from 1961 until Mr. Butler’s death in 1993.

After failing on his own to overturn the Navy’s “undesirable” discharge, 
Mr. Dwork got help from the Servicemembers Legal Defense Network, 
founded in 1993 to fight discrimination against gay and lesbian military 
personnel affected by the “don’t ask, don’t tell” policy. It interceded 
on his behalf.

On Aug. 17, 2011, the Board for Correction of Naval Records in 
Arlington, Va., changed Mr. Dwork’s discharge to honorable. A record of 
the proceedings, obtained by The Associated Press, said the Navy had 
undergone a “radical departure” from its wartime ban on gays. It noted 
Mr. Dwork’s “exemplary period of active duty” and said it was acting “in 
the interests of justice.”

Melvin Dwork was born in Kansas City, Mo., on Feb. 9, 1922, one of four 
children of Henry Dwork and the former Esther Brown. He graduated from 
Southeast High School in 1939 and attended the Kansas City Art Institute 
for two years.

After moving to New York, he attended the Parsons School in 1941 and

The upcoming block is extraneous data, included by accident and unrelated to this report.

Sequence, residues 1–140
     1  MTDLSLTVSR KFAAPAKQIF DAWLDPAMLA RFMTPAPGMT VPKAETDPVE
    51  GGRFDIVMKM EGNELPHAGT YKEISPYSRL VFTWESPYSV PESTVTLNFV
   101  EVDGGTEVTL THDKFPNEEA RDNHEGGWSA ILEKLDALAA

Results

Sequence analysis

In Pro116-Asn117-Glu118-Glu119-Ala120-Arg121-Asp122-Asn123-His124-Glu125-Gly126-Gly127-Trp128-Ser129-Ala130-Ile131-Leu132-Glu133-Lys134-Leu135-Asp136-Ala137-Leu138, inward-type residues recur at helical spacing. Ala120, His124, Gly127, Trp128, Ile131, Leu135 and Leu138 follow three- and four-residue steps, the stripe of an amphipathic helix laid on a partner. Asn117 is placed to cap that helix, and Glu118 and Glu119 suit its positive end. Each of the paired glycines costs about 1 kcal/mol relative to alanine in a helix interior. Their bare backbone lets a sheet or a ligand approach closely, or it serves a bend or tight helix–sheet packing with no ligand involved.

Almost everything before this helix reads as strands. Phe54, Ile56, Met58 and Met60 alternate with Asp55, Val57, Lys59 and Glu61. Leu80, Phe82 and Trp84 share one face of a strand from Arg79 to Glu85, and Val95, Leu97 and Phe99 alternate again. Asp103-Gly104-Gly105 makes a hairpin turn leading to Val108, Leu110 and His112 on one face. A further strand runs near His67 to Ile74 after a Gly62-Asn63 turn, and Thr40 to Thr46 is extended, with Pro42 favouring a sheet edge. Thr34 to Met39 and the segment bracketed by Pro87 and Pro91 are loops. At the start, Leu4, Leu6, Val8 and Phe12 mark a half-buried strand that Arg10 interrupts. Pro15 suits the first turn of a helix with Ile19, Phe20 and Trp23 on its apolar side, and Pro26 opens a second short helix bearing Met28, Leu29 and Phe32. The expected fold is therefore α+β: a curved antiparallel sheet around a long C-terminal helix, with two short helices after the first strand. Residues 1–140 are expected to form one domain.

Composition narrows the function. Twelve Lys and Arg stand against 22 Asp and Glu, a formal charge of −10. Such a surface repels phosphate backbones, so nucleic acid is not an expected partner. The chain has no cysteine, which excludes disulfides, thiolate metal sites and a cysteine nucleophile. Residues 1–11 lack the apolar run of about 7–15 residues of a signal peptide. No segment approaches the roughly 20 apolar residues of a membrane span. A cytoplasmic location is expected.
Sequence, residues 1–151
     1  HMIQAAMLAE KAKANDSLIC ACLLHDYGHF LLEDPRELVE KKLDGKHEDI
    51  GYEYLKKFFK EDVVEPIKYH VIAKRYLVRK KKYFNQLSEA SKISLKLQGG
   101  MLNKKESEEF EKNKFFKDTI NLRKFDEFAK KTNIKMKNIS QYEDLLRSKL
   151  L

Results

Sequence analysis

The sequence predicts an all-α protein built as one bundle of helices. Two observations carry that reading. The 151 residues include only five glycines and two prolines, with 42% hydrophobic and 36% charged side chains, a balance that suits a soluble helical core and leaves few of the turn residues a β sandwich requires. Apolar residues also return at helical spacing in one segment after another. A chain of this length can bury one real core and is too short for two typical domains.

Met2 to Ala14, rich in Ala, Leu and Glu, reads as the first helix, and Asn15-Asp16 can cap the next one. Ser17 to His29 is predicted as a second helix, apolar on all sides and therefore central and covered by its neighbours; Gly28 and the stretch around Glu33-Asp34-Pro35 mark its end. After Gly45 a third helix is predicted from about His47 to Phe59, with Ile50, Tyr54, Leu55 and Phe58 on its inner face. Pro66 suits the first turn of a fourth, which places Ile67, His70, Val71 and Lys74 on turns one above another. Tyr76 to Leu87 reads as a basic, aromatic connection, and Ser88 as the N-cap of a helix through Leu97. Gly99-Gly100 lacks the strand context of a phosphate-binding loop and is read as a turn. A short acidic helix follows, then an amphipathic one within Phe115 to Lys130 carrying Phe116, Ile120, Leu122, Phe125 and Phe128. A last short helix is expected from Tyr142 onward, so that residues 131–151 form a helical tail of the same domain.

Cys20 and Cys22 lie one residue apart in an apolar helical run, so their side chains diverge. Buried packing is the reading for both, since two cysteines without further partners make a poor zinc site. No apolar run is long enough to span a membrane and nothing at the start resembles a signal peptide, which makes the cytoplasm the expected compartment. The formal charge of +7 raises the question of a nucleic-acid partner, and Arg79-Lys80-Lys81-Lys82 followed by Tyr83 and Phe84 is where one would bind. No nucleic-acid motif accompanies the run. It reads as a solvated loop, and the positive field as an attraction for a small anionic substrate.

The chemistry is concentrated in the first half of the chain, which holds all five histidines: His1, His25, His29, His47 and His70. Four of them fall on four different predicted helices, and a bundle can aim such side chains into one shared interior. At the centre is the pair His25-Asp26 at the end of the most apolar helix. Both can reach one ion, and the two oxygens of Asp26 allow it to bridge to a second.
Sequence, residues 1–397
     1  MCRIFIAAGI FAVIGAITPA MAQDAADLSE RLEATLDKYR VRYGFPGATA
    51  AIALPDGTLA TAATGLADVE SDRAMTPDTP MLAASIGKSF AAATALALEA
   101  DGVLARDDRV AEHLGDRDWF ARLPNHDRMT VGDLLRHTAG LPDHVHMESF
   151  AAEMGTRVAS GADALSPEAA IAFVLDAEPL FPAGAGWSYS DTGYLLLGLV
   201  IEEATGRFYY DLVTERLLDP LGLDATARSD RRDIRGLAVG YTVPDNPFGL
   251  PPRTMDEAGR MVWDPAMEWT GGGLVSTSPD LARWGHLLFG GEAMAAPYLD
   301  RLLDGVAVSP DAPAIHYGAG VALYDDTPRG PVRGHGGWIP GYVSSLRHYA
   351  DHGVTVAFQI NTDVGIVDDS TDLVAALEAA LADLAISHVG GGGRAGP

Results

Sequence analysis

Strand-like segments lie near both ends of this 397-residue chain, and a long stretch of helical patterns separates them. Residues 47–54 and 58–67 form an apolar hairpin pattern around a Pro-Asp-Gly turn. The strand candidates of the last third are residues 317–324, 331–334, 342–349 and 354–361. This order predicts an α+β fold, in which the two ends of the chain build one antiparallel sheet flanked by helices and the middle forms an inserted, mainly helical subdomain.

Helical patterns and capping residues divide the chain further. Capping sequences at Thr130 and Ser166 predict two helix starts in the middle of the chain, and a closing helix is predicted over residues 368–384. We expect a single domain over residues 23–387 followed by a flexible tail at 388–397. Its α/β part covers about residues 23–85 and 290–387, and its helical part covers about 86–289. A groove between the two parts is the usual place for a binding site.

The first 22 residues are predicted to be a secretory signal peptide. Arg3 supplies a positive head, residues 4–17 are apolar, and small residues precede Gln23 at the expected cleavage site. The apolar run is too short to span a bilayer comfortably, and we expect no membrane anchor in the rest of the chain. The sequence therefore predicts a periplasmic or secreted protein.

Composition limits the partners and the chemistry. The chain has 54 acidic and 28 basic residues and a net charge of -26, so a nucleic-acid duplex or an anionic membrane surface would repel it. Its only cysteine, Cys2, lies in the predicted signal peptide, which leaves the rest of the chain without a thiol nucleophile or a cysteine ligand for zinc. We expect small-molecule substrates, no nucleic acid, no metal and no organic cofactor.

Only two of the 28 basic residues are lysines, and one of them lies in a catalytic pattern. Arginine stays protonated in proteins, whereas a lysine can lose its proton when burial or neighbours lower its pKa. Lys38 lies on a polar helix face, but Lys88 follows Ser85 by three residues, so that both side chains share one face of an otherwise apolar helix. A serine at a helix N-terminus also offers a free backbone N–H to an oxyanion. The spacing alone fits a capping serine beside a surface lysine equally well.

1942. On a summer break, he returned to Kansas City and met his wartime 
partner. Their plans for a life together were obliterated by the war and 
their exposure in the crackdown on gay servicemen.

Mr. Dwork, who lived in Manhattan, is survived by a brother, Irvin.

A documentary on his case, “The Undesirable,” was made by Michael 
Jacoby. It has not been released.

The ruling on Mr. Dwork’s discharge entitled him to veterans benefits, 
including a military burial. But he said he probably would forgo that honor.

Years after Mr. Butler’s death, Mr. Dwork and his wartime partner met to 
catch up on the passage of six decades. The partner had married and had 
children, but had never told his family about Mr. Dwork.

“He had always denied his sexuality,” Mr. Dwork said. “He didn’t want to 
be exposed. After all those years in denial, and your own family doesn’t 
know who you are? I said: ‘Let them know. They’ll love you anyway.’ But 
he couldn’t do it. I forgave him, but we don’t speak any longer.”

Daniel E. Slotnik contributed reporting.